by Caroline Mala Corbin, Professor of Law, University of Miami School of Law
The United States has made tremendous progress on LGBTQ rights. We are, after all, celebrating the one-year anniversary of Obergefell v. Hodges and marriage equality. White House executive orders and EEOC guidelines have also expanded anti-discrimination protections. At the same time, there is still much that needs to be done. Congress has not amended civil rights law to bar LGBTQ discrimination in employment, education, housing, or public accommodations. Even when such protection exists, individual, organizations and businesses have claimed they have a religious right to discriminate against the LGBTQ community. In particular, the Supreme Court’s 2014 decision in Burwell v. Hobby Lobby Stores, Inc. expanded the Religious Freedom Restoration Act (RFRA), raising concerns about RFRA’s use as a means to discriminate in the name of religious freedom.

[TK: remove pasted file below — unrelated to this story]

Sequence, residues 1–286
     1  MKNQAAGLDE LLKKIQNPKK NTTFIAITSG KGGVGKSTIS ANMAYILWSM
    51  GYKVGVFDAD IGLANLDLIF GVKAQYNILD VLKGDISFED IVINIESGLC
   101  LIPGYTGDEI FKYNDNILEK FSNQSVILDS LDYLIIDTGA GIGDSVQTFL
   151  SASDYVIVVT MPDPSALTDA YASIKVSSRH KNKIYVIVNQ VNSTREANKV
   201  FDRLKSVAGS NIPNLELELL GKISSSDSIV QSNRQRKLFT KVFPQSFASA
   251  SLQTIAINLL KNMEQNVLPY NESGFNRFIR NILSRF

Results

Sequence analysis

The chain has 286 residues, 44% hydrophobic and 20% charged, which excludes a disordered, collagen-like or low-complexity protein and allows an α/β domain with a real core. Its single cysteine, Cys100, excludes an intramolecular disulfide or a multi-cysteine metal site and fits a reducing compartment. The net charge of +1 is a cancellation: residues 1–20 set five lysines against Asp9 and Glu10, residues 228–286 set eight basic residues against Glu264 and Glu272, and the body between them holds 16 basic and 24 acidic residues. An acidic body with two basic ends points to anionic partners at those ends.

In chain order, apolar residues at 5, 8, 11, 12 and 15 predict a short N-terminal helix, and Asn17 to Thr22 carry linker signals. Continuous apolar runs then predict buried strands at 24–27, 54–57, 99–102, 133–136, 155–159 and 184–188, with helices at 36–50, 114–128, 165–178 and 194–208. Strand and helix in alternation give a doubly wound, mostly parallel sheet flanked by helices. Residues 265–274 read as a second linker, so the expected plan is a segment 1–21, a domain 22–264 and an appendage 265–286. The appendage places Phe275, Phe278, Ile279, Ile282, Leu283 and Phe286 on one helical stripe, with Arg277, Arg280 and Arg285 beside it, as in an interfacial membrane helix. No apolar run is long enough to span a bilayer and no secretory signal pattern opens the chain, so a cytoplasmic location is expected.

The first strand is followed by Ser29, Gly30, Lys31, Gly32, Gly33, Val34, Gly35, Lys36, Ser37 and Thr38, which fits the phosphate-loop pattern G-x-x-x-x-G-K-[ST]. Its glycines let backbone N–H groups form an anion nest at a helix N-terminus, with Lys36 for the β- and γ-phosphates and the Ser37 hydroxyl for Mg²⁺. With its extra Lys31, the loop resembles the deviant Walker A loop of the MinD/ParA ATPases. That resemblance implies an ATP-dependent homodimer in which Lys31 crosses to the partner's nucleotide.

Hobby Lobby was a challenge to the Affordable Care Act requirement that large employers include FDA-approved contraception in their health care plans. Hobby Lobby Stores, Inc., a billion-dollar chain of arts and crafts stores with thousands of employees, argued that it was religiously opposed to certain forms of contraception and that consequently this contraception benefit violated its RFRA rights. Under RFRA, “persons” are entitled to exemptions from federal laws that impose a substantial burden on their religious conscience unless the challenged law passes strict scrutiny. A law passes strict scrutiny if it advances a compelling state goal in a narrowly tailored way. While RFRA itself applies to federal law, many states have counterparts that apply to state law.